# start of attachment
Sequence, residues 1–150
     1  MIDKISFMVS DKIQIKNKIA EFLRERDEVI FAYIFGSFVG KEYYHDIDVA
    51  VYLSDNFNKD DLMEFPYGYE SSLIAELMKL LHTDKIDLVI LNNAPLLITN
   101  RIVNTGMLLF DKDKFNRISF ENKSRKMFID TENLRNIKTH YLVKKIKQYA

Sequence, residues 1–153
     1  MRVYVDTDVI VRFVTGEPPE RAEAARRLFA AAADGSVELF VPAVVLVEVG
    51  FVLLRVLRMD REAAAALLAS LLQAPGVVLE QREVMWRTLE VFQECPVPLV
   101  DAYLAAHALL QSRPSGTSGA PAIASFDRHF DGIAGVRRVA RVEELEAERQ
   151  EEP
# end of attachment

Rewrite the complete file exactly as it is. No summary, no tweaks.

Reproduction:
Sequence, residues 1–150
     1  MIDKISFMVS DKIQIKNKIA EFLRERDEVI FAYIFGSFVG KEYYHDIDVA
    51  VYLSDNFNKD DLMEFPYGYE SSLIAELMKL LHTDKIDLVI LNNAPLLITN
   101  RIVNTGMLLF DKDKFNRISF ENKSRKMFID TENLRNIKTH YLVKKIKQYA

Sequence, residues 1–153
     1  MRVYVDTDVI VRFVTGEPPE RAEAARRLFA AAADGSVELF VPAVVLVEVG
    51  FVLLRVLRMD REAAAALLAS LLQAPGVVLE QREVMWRTLE VFQECPVPLV
   101  DAYLAAHALL QSRPSGTSGA PAIASFDRHF DGIAGVRRVA RVEELEAERQ
   151  EEP